Where an authority (the 'placing authority') places a homeless family outside its own area while it carries out its inquiries (an 'out-of-area placement'), it must notify the receiving authority, and include in its notification information on who is in the homeless household.[12] If there are children of school-age in the household, the local authority has a duty to make contemporary records of its decision making and reasons that clearly demonstrate how it has evaluated the likely impact of the out-of-area placement on the educational welfare of the children, and by reference to its records, show the specific process of reasoning by which it reached the decision that the receiving authority would secure the children's educational welfare. This is in order to comply with its duties under section 11 of the Children Act 2004 and ensure that the children's right to education under article 2 of Protocol 1 of the European Convention on Human Rights is not violated.[13]

In addition, as detailed above, where the placing authority has reason to believe that the applicant is intentionally homeless or not eligible and is likely to discharge its homelessness duty to the family, and has informed social services of the case, social services must cooperate with the housing authority. Where the family has been placed out-of-area, the placing and receiving authorities' social services should cooperate so that the needs of children in the homeless household are properly assessed.

Although the duty to carry out a child in need assessment falls on the receiving authority social services (the authority where the child is physically present), social services in the placing authority should not abandon any involvement it has with the family if this would be contrary to good social work practice.[14] This could mean that the placing authority social services continues with a child in need assessment it has begun, or offers its assistance to the receiving authority social services in completing its own assessment.

This duty of cooperation does not prejudice the pre-existing provisions on cooperation under section 27 of the Children Act 1989.

Judicial comment on cooperation

Issues of cooperation between departments have been considered in a number of court cases. The courts have expressed disapproval at the 'persistent and endemic' failure of authorities to cooperate: 'There is a particular need for meaningful and effective cooperation between the authorities; it is unacceptable for the authorities to simply stonewall each other while attempting to offload their obligations'.[15]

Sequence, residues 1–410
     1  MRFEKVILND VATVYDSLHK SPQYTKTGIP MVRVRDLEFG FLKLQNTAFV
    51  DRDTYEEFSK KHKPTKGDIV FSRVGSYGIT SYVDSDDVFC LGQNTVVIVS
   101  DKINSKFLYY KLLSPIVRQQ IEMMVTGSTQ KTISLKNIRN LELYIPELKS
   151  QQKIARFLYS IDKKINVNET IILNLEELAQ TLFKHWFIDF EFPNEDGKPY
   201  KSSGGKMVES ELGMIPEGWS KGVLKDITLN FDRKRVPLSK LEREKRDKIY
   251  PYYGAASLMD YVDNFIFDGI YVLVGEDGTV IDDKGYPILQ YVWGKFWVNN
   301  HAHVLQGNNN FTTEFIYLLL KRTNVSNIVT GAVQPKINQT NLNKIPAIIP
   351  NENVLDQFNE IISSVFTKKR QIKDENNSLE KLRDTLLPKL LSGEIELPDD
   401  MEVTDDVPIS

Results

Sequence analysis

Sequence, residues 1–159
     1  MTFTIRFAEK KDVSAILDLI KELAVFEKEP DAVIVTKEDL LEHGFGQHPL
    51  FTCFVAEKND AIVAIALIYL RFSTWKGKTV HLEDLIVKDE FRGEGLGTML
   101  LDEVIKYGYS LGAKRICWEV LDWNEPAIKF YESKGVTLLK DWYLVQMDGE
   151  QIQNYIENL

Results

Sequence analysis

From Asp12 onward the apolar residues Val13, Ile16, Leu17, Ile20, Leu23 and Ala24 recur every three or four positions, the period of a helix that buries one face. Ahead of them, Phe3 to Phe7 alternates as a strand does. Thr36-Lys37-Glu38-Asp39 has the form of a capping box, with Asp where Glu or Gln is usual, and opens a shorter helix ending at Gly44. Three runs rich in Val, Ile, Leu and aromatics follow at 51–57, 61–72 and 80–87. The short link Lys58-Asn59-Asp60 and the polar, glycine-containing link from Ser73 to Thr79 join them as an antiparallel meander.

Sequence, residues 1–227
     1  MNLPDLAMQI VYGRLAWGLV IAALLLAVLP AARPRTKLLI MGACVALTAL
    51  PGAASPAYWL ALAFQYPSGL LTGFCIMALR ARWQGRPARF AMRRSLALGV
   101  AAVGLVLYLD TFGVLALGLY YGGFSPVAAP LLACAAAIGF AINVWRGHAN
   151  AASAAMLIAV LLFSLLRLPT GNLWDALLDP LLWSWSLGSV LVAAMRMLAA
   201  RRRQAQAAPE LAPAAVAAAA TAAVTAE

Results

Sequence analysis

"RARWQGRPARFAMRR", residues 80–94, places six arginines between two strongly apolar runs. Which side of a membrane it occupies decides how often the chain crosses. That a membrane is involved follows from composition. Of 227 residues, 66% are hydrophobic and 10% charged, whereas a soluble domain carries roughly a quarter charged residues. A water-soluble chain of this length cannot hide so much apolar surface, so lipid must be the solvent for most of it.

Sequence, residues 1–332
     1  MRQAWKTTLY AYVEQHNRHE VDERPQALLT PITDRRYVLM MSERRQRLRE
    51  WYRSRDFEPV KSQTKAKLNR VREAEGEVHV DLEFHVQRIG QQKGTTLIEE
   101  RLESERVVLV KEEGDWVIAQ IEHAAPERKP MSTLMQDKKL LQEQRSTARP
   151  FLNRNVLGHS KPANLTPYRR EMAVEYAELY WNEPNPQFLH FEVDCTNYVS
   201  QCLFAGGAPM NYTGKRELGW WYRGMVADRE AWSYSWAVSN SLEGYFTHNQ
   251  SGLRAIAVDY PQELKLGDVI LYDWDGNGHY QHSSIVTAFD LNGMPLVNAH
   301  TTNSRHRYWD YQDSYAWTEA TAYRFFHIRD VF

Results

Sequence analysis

Applications made before 3 April 2018

The current Homelessness Code of Guidance was introduced on 3 April 2018 and the references on this page are to this Code. For applications made before this date, the recommendations of the 2006 Code of Guidance should apply.

Last updated: 11 October 2022


  • [1]

    s.213 Housing Act 1996.

  • [2]

    para 16.15 Homelessness Code of Guidance, MHCLG, Feb 2018.

  • [3]

    para 16.15 Homelessness Code of Guidance, MHCLG, Feb 2018.

  • [4]

    R v Bromley ex p Cafun [2000] WL 1675107.

  • [5]

    paras 8.23 and 8.24 Homelessness Code of Guidance, MHCLG, Feb 2018; see also paras 1.30 to 1.36 Homelessness Code of Guidance, MHCLG, Feb 2018.

  • [6]

    s.213A Housing Act 1996 as inserted by s.12 Homelessness Act 2002; s.10 Children Act 2004.

  • [7]

    s.213A Housing Act 1996.

  • [8]

    R v Northavon DC ex parte Smith (1994) 26 HLR 659, HL; para 21, Overview of the Homelessness Legislation, Homelessness Code of Guidance, MHCLG, Feb 2018.

  • [9]

    s.213A(5) Housing Act 1996.

  • [10]

    R(A) v Lambeth LBC (2001) (2002) HLR 249, CA; R(G) v Barnet LBC 33 HLR 649, CA.

  • [11]

    R(J) v Enfield LBC [2002] EWHC 432; R (W) v Lambeth LBC [2002] Legal Action June 2002, CA.

  • [12]

    s.208(2) Housing Act 1996.

  • [13]

    R (on the application of E) v Islington LBC [2017] EWHC 1440 (Admin).

  • [14]

    R (on the application of AM) v Havering LBC and Ors [2015] EWHC 1004 (Admin).

  • [15]

    R (on the application of AM) v Havering LBC and Ors [2015] EWHC 1004 (Admin), para 4(ii and iii).